Paganism presents not a doctrine, but a grouping of customs and teachings different and often opposed, an incoherent mass of beliefs with various origins. Close analysis enables the student to separate the doctrinal streams and trace them to their proper sources. The luminous truth presented by this study is the corruption of religious ideas on the nature of the Deity by the tangled confusion of human growth. Sir A. C. Lyall (Asiatic Studies, Ser. II, p. 234), while rejecting the theory of a primitive revelation, admits that “beyond doubt we find many beliefs and traditions running downward, spreading at a level much below their source”. The causes which contributed to produce this tangled profusion in the pagan conception of the Deity are:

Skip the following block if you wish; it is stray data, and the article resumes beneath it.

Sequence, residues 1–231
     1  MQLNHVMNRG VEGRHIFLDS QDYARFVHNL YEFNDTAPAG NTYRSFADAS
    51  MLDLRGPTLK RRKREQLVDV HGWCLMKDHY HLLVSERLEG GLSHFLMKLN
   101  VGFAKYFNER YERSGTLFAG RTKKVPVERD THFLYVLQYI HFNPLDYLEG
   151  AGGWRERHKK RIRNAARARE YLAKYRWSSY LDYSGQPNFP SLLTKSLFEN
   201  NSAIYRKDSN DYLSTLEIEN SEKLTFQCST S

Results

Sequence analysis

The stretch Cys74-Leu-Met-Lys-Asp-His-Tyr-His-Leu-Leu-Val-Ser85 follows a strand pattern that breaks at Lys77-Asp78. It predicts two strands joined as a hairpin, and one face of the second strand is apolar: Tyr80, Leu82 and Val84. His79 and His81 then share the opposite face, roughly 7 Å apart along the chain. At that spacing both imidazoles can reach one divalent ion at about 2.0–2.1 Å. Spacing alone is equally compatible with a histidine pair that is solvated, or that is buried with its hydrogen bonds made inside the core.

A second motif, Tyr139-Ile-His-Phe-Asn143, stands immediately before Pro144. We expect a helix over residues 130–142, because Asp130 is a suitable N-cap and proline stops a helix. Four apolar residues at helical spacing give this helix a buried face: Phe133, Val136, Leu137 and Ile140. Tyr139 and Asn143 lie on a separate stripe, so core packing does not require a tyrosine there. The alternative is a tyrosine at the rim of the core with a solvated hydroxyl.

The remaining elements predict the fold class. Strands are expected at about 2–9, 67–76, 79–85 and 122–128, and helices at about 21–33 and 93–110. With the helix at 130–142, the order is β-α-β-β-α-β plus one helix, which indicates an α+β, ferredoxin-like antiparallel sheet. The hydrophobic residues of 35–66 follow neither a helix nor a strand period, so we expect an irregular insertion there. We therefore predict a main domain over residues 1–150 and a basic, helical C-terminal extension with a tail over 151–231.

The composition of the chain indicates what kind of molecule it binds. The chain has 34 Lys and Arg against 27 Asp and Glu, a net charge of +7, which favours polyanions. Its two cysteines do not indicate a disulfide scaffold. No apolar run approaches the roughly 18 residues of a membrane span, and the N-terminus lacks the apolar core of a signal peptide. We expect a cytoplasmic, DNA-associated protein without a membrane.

(I) Deification of nature and her powers and of sensible objects. Of necessity the result was an inexhaustible variety of deities. As time went on, the divine assumed thousands of fanciful and fortuitous images and forms. Deification of the powers of nature led first to the worship of the elements. One divinity of the heavens stood in contrast with one of the earth. Fire, as the warming, nourishing, consuming, and destroying power, was early worshipped as a separate deity. Hence the Vestal Virgins in Rome, the Vedic Agni, the Fire-worshippers of Mazdeism, and the sacred fire of Shintoism. So also moisture or water, not only in general, but in its concrete forms, e.g. sea, lake, river, spring, cloud; and thus was had a fourth elemental deity. In the East, Astrolatry, or Sabaeism, i.e. the worship of the stars that illumine the earth, developed, above all the worship of the sun. Where soil and vegetation was rich, the earth was regarded as a nursing mother, and Geolatry in many forms arose. In the Vedic hymns we can trace the transition from natural phenomena into natural deities—e.g. Agni, i.e. fire, Varuna, i.e. heaven, Indra, i.e. the rain-clouds—but even then doubts spring up, and the poetic writers ask themselves whether, after all, there are such things as the Devas. In Homer and Hesiod the forces of nature are conceived as persons, e.g. Uranos, i.e. heaven; Nyx, i.e. night; Hypnos, i.e. sleep; Oneiros, i.e. dream; Oceanos, i.e. ocean; the answer of Achilles to the river Scamander “in human form, confessed before his eyes” (Iliad, XXI), and his prayer to the winds Boreas and Zephyrus, that they kindle the flames on the funeral pyre of Patroclus (Iliad, XXIII). Observation of the fact that in nature two energies—one active and generative, the other passive and feminine—combine, led men to associate heaven and earth, sun and moon, day and night, as common primal and motherly deities cooperating in the production of being. Hence the distinction of male divinities—e.g. heaven, ether, sun—and of female divinities—e.g. earth, air, moon. From this only a step to the deification of the generative principle and the worship of the phallus.